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More Bowls Are Coming Your Way. Who Cares?

Late last week, the NCAA announced that it had approved two new bowls for the 2010, 2011, 2012 and 2013 football seasons.

Starting this winter, you can look forward to the Dallas Football Classic (Big 12′s seventh selection versus Big Ten’s sixth selection) at the old Cotton Bowl.

You can also take in the New Era Pinstripe Bowl (Big East third selection versus Big 12 sixth selection) at the new Yankee Stadium.

The city of Dallas lost the Cotton Bowl — the game, not the stadium — last year to Jerry Jones’ new super-stadium over in Arlington.  And the last bowl to be played in the New York City area was the Garden State Bowl which was played at the Meadowlands until the early 1980s.

The two new bowls mean that there will now be 35 “classics” on the year-end schedule each season.  That means 70 of the 120 schools in the FBS will be playing in the postseason.  And that means someone with a losing record is about to go bowling.

Last season, 71 teams finished with a 6-6 record or better.  That would be one team to spare.  How’d you like to be the coach who couldn’t land a bowl bid in that scenario?

Currently, the NCAA states that you have to finish at .500 or better to take part in a bowl.  But the organization is now looking at ways to get around that rule should only 69 teams finish a season with their heads above water.

Obviously, if a bowl (and its corporate partners and its host city) put a year’s worth of work and money into a game, there’s no chance that the NCAA will tell someone to close their doors for a year simply because there aren’t enough bowl-eligible teams to go around.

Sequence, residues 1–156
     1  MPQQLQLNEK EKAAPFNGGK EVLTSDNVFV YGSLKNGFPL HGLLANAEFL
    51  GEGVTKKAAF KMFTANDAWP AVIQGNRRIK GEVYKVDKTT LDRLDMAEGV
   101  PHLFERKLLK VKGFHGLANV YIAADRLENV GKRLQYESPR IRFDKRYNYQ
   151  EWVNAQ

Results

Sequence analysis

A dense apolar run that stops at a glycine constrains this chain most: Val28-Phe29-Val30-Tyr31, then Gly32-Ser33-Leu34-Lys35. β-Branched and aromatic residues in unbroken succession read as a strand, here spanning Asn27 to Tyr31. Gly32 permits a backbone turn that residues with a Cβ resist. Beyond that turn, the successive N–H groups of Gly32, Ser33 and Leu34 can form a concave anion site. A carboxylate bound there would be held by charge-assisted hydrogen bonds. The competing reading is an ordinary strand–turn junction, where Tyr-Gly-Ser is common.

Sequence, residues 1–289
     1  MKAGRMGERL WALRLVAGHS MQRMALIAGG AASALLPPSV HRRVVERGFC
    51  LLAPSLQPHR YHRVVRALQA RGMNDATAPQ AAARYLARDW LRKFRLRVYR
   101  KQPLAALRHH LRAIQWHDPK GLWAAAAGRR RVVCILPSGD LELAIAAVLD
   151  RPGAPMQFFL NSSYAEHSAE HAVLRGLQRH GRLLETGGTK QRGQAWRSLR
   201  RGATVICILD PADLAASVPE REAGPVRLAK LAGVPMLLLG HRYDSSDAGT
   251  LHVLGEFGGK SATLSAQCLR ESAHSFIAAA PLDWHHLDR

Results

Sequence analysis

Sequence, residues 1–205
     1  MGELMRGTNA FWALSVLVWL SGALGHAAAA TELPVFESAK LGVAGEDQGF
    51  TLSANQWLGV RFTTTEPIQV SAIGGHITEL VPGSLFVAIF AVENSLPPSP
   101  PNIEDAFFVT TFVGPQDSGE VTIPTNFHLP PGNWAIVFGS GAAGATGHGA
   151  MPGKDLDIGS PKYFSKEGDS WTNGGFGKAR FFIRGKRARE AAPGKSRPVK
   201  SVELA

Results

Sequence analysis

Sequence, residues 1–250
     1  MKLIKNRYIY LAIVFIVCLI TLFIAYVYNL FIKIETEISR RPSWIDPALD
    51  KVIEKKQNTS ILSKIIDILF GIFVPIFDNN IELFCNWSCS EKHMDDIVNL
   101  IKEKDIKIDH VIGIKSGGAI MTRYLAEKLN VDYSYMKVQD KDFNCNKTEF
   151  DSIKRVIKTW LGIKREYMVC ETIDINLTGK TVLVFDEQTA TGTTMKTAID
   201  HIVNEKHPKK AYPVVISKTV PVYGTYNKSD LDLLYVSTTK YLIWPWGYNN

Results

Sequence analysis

So congratulations, NCAA.  You’re now about to reward not only mediocrity but pure failure.  A 5-7 bowl team?  That’s ridiculous. 

Then again, I think the current slate is ridiculous.  If a school doesn’t win at least seven games out of a whopping 12, it should not be in a bowl game.  Hell, I’d be okay with saying eight wins should be the minimum requirement.

But since college football already caps its season with countless second- and third-tier bowls, I’m not really in a fightin’ mood over this decision.  The postseason — aside from the BCS title game — is meaningless anyway. 

The bowls can be fun for fans.  All the pie-eats and steer-ropings and free iPods can be fun for players, too.  Bowls can provide ADs with a chance to schmooze more cash out of boosters.  They can even deliver an exciting television matchup on occasion (“Look, honey, UNC-Winston-Marlboro is about to knock off Oxnard Tech”).

But the games (aside from the BCS title game) have no bearing on the national championship.  They are just as irrelevant as the NIT, CBI or that other postseason tournament in college basketball.  That other tournament is so meaningless that I can’t even remember it’s name and I’m not interested enough to look it up.

So why not allow 70 teams to go bowling? 

Heck, why not 80?  Why not let ‘em all in?  It’s just more football to watch in December.  Bad football — yes, but still football.  Right?

The NCAA has already rendered it’s postseason moot.  Might as well just let everyone play in a bowl. 



A couple of other opinions…

Tony Barnhart of The AJC doesn’t want to see 5-7 teams in bowl games.

Ray Melick of The Birmingham News believes the NCAA is trivializing its postseason.


 




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